Clinical validation of candidate noninvasive biomarkers.

Figure 4: Clinical validation of candidate noninvasive biomarkers. The change in circulating mRNA levels of HJURP (A), ADAMTS8 (B) and GPT2 (C) mRNAs between lung cancer patients and normal subjects detected by qPCR. Data was shown as scatter plots and the intersecting line represents the median value with the interquartile range. Receiver-operating characteristic curves (ROC) showed the performances of fold-change in HJURP (D), ADAMTS8 (E) and GPT2 (F) mRNA expression in predicting the lung cancer. Results were shown with means ± SEM. *p<0.05.

Clinicopathologic characteristics of candidate biomarkers

The clinicopathologic characteristics of circulating HJURP and ADAMTS8 were shown in Table 1. Interestingly, the lower expression of HJURP was significantly associated with stage IV LC patients (p=0.0422). However, no significant difference was found between HJURP expression and patient sex, age, tumor location, or histology types (p>0.05). Specifically, ADAMTS8 expression tended to be remarkably lower in non-small cell lung cancer group than small cell lung cancer group. Similarly, there was no correlation between ADAMTS8 expression and other characterictics such as age, sex, tumor stage, or tumor location (p>0.05).

Table 1: Correlations between HJURP and ADAMTS8 expressions in lung cancer cfRNA and clinicopathologic characteristics





Expression status



Expression status









































Tumor location

 Left lung







 Right lung





Histology types

 Non-small cell lung cancer







 Small cell lung cancer





*a: p value<0.05.

Transcriptional expression level of HJURP and ADAMTS8 mRNA regarding various tumor entities and coexpression genes

To further explore the potential roles of circulating HJURP and ADAMTS8 mRNAs in different tumor entities, expression level of HJURP and ADAMTS8 in 20 common cancers was compared with normal samples using Oncomine database. As shown in Figure 5A, expression of HJURP was inconsistent, being overexpressed in 14 of 20 cancer types, especially colorectal cancer, breast cancer, sarcoma as well as lung cancer and underexpressed in 4 types. However, our qPCR assay showed that HJURP expression level was significantly underexpressed in cfRNA of LC patients compared with that of healthy controls. The inconsistency of HJURP expression trend between tissue RNA and plasma circulating mRNA may be due to several reasons, which would be discussed next. Meanwhile, we found that ADAMTS8 was downregulated in a variety of cancers including bladder cancer, brain cancer and lung cancer. In addition, the protein-protein interaction networks for HJURP and ADAMTS8 in the most significant modules among different species were shown in Figure 5B and 5C.

Figure 5:

Figure 5: (A) Oncomine analysis of HJURP and ADAMTS8 gene expression in normal and cancer tissues of different types. Gene summary views for HJURP and ADAMTS8 genes were shown, which indicated the number of significant unique microarray results with changes>2.0 fold (P<1E-4 by two tailed t-test). The bottom rows in each case indicate the total number of unique analyses and the number of unique analyses that show significant overexpression (red) or underexpression (blue) of the target gene in the cancer samples relative to the normal tissue samples. Genes coexpressed with HJURP (B) and ADAMTS8 (C) were analyzed using Cytoscape 3.3.0 from different species. Blue node represents gene from Homo species. Red node represents gene from Mus species. Green node represents gene from Bos taurus species.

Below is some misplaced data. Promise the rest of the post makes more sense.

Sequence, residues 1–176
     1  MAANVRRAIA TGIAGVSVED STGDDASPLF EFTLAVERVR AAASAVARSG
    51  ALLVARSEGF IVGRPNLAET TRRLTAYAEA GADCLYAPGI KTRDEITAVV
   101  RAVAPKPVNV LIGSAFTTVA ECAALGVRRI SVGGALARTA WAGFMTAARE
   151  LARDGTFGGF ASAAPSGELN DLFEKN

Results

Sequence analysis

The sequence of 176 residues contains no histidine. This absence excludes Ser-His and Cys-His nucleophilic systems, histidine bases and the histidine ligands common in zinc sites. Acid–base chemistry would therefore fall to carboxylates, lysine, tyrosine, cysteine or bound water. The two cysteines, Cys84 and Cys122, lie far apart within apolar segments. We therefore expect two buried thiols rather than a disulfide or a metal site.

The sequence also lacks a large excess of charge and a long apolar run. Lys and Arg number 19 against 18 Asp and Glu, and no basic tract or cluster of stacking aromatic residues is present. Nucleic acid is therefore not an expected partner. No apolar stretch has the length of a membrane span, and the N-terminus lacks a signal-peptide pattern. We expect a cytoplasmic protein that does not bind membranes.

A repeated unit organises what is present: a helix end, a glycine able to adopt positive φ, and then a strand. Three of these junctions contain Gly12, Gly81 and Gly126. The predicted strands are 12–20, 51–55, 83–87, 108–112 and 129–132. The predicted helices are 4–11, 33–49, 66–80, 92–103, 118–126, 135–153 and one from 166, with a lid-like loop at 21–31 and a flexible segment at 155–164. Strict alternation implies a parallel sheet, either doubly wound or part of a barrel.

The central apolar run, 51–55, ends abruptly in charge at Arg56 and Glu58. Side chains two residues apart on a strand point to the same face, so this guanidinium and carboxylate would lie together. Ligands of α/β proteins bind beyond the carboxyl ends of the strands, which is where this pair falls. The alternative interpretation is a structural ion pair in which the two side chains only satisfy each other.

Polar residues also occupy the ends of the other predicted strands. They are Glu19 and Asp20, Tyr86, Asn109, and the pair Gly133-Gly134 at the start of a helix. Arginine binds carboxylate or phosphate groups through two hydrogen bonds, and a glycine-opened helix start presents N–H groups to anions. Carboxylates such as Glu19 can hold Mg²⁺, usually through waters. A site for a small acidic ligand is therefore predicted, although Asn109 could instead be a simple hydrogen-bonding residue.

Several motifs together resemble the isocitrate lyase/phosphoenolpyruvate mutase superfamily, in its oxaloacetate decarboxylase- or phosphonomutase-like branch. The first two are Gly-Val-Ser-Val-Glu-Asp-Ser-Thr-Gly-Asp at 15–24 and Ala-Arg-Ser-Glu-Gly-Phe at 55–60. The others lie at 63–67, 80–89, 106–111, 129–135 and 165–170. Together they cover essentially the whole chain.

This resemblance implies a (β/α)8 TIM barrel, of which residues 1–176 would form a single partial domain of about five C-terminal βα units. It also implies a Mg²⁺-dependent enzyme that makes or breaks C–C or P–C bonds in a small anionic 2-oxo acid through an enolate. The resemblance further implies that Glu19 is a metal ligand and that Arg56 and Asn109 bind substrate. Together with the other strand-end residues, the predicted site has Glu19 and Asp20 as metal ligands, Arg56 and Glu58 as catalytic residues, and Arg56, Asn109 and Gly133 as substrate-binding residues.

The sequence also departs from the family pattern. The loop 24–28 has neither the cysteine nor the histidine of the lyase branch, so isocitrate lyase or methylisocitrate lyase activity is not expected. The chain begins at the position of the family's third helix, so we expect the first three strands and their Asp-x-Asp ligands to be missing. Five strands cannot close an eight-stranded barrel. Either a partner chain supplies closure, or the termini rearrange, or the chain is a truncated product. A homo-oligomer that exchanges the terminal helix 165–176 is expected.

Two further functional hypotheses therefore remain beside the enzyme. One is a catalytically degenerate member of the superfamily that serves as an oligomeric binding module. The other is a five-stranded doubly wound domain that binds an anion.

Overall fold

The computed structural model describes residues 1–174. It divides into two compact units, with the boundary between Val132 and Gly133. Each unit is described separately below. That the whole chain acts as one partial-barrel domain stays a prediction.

Lung cancer remains associated with significant mortality worldwide. The lack of specific and sensitive biomarkers for early diagnosis as well as targeted therapies contributes to poor overall survival rate. A blood-based biomarker is a cost- and effective tool because blood is easily accessible in a noninvasive manner and measurements could be repeated over time [24]. Recently, numerous research groups have investigated the potential use of circulating mRNA as biomarker for cancer diagnosis [25, 26]. Identification of biomarkers for multiple cancer types can be carried out in various manners. The general experimental strategy for potential circulating mRNA biomarkers discovery is to employ microarray technology, which is then followed by validation using RT-PCR. However, a systematic study deciphering the transcriptional expression of the candidate circulating mRNA biomarkers by integrating diverse microarray data is still lacking. Herein, we describe a novel approach to biomarker discovery that take advantage of underused public data. Meanwhile, we believe through this study that the strategy initially developed for lung cancer can be extended to other kinds of cancer. To our knowledge, this is the first systematic and comprehensive study to identify potential circulating mRNA biomarkers.